Secondly, I would echo the comment about the flour proportions. While the dough sits to rise, it will be sucking up some liquid, so I would cut back on the dry ingredients somewhat and see how that goes.
With these tips, you may even find that the bake time is reduced because the dough is less dense and dry.
Thanks so much for taking the time to share your delicious recipe experiments with others!
~jules shepard,

Iris said...

You didn't state what brand of yeast you were using. I would suggest using Saf-instant Yeast in the red bag. The yeast is already cracked and gives a great rise. Also, make sure the yeast is not out of date. As Jules said, GF flour can not take a second rise. I would form into the rolls and let rise from this state and then bake off. I think you will have great results. Iris/

Anonymous said...

Oh, absolutely, do not punch it down. It only needs one rise. I didn't read through your instructions when I posted my previous comment. I only looked at the ingredients. Apologies for that.

iHateWheat said...

Thanks everyone for the advice!

Next time I'll try forming the rolls right away, letting them rise, then baking. That way I'll only let it rise once and won't punch it down. I'll also try using a little less salt, a little less flour, and the Saf-instant Yeast.

@Barb - I'll look more into the ratios in cookbooks. This is really my first try baking GF, I should have done more research beforehand. Any idea why GF flours use more liquid?

@Jules - I had just recently heard that new bread machines had a GF setting and wondered what was different, it all makes sense now.

@Iris - We used Fleischmann's active dry yeast (because it says gluten free on the label). I'll try Saf-instant.

I'll be sure to post the next try!


Anonymous said...

I'm still getting the hand of gf baking, but tried gf cinnamon rolls last weekend that turned out pretty good, just way too sweet. Plan to try again with less sweeteners in the filling and glaze. I've discovered that most gf baked goods have very gooey/sticky dough prior to baking. The recipe I tried used 1 1/3 c. milk to 3 cup flour mix (also 1/2 c sugar, 1 tablespoon yeast, 2 eggs, 1/4 c. butter, 1/4c. oil, 1/2 t. baking soda, 4t. baking powder, 5 t. xanthan gum, 1 t. salt, 2 t. vanilla.)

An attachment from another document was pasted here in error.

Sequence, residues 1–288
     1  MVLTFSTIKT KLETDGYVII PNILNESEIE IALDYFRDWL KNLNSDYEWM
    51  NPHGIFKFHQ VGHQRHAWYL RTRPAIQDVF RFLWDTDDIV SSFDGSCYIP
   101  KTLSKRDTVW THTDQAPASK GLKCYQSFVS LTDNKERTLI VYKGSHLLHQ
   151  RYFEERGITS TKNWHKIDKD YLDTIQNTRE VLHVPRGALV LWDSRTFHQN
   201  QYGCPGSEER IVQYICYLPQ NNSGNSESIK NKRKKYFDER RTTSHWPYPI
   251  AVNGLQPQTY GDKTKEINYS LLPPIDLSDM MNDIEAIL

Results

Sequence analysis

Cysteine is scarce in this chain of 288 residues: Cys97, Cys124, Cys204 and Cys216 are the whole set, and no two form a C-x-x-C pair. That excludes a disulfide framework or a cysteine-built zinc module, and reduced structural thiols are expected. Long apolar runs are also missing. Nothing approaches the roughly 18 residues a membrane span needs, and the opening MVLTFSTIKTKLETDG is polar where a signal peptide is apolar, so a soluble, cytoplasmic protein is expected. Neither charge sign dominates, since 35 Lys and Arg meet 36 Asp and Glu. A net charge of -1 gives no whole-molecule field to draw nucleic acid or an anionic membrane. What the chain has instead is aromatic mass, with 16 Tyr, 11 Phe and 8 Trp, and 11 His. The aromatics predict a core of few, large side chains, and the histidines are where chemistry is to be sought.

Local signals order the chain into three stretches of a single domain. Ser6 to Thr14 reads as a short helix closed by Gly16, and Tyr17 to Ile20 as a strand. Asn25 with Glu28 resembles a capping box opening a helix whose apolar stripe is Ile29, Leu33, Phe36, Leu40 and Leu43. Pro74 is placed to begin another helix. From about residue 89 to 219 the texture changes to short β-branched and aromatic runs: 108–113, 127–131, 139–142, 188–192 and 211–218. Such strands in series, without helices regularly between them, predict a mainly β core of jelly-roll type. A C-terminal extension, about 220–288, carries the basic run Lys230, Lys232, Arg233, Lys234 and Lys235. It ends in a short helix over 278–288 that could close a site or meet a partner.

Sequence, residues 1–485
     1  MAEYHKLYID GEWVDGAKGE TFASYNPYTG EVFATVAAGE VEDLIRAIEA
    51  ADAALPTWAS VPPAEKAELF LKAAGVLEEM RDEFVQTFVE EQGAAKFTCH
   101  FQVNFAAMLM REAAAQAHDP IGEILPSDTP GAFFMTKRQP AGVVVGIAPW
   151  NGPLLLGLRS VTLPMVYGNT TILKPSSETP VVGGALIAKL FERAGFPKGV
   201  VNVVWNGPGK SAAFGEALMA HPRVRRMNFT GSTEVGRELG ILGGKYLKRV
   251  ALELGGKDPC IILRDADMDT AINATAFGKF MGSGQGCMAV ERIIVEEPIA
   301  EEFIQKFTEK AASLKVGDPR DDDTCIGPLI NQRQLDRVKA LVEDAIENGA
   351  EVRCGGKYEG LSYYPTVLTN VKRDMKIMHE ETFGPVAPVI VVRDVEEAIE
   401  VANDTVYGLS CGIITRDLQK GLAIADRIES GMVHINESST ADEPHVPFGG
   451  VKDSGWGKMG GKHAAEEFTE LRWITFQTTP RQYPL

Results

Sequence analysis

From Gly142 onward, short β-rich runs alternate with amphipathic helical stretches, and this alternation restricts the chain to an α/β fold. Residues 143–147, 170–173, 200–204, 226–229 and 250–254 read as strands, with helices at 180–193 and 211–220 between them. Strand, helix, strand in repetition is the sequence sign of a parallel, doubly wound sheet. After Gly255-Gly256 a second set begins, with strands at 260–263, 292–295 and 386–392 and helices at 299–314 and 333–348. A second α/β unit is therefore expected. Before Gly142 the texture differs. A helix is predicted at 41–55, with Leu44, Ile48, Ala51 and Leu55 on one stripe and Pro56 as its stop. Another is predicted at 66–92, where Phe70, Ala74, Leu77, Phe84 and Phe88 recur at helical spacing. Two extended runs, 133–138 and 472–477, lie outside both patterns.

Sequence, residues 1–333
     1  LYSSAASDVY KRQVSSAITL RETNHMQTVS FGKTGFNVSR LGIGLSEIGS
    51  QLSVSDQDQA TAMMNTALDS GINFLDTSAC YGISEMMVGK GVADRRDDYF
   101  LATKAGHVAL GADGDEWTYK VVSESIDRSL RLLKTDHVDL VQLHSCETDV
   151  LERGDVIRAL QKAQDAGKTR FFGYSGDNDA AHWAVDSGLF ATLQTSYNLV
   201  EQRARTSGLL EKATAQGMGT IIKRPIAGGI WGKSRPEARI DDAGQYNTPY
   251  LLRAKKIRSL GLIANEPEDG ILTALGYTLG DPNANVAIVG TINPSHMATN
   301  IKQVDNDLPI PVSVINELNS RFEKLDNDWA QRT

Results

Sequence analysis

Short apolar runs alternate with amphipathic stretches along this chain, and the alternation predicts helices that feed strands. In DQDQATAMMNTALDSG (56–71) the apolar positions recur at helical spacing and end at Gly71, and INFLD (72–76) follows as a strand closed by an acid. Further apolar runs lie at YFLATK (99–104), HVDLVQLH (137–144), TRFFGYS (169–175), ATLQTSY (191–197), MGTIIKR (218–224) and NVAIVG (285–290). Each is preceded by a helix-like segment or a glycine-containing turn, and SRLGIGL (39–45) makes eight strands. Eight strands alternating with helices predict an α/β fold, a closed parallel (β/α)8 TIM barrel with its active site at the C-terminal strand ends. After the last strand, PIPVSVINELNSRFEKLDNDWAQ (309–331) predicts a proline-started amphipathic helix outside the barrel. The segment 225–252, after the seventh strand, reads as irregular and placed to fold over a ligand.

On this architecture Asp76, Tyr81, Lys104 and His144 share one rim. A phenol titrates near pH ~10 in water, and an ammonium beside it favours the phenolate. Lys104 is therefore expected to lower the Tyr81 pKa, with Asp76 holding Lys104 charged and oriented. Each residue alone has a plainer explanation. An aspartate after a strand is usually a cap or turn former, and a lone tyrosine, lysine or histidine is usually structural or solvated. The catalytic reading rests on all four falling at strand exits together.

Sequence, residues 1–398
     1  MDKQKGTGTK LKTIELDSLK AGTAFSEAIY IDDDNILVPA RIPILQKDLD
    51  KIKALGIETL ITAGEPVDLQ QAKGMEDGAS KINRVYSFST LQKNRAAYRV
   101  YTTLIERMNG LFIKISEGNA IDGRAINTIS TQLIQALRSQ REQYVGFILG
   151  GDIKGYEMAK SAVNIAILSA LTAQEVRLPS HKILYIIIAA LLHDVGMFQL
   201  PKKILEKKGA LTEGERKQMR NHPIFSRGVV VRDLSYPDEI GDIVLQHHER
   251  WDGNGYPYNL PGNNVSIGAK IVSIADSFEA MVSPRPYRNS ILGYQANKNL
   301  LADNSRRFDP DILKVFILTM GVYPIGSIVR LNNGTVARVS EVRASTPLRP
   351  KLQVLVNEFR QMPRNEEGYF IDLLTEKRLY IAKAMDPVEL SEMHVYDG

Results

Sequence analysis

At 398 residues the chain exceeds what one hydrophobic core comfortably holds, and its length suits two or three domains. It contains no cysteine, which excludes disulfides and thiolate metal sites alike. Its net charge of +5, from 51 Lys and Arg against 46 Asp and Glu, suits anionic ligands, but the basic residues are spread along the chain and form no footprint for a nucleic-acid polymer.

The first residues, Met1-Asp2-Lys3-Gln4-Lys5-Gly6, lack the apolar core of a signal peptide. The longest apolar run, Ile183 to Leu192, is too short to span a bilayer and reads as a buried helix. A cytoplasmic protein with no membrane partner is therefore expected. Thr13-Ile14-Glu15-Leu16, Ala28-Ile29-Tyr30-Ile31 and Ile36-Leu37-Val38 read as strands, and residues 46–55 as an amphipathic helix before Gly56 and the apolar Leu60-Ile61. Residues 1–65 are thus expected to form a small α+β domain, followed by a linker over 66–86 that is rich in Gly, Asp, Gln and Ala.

Proof yeast with warm milk and set aside a few minutes while mixing b butter with sugar. Add in milk/yeast mix. Add remaining ingredients and mix well. Dough will be gooey. Wipe counter with wet cloth and apply sheet plastic wrap. Sprinkle wrap with 2 tbsp sugar. Scoop dough onto center of wrap. Cover with another piece of wrap. Use rolling pin to roll into approx 12 inch by 24 inch rectangle. Remove top wrap. Apply filling across top of dough. Lift long edge of bottom plastic wrap to start rolling dough into a long cylinder. Put glaze ingredients in bottom of 9 X 13 glass pan. Cut into 1 1/2 inch slices and arrange in pan. No rise time needed. Bake at 375 for about 20 minutes or until lightly browned. Flip upside down. Good Luck!

Barb said...

Steve, I'm sure there is a scientific reason the gf flours need more liquid but I am just going by my experiences. I generally need to add a small amount extra of liquid for the pre-baked product to feel/look right but then I usually use a good portion of brown rice flour. I looked at the link for Julie's flour and see it is a much lighter mix than what I normally use. Since your rolls were dry, it seemed that 1.5 c liquid (plus the shortening) did not seem enough for 7.5 c flour. Also, humidity at the time will affect how much liquid is needed (ie humid or dy). I checked a Bread book I have and all the recipes used eggs but the interesting thing was they were consistenty 3c flour:2 c.liquid.
Don't make too many changes to your recipe at once or you won't know which ones are the right changes.
Good Luck! It's fun to be on a quest to recreate a childhood memory. You've nailed the taste so now you only some refinements.

steve said...

Thanks, that recipe looks like it would result in something very similar to mine. Also, my mom taught me that same trick with the plastic wrap - it really makes rolling out the sticky GF dough possible.

Thanks for the insight on the liquid ratios - I've looked through some books and I think you're right, my main issues were the amount of flour and trying to make the dough rise more than once. As far as why GF flour takes more liquid, I think it might have to do with either xantham gum and other sticky additives, or the flour particle size. I'm a mechanical engineer, and a nerd, so I read up on flour properties a little - it looks like the substitute flours we use are often ground to different particulate sizes and shapes than wheat flour, which could very easily impact moisture retention and other properties.

iHateWheat said...

I just realized I posted that last comment while I was signed in on my other google account, sorry for any confusion.

Iris said...

We have found that GF flours obsorb more liquid than wheat flour. Why? Who knows, not me.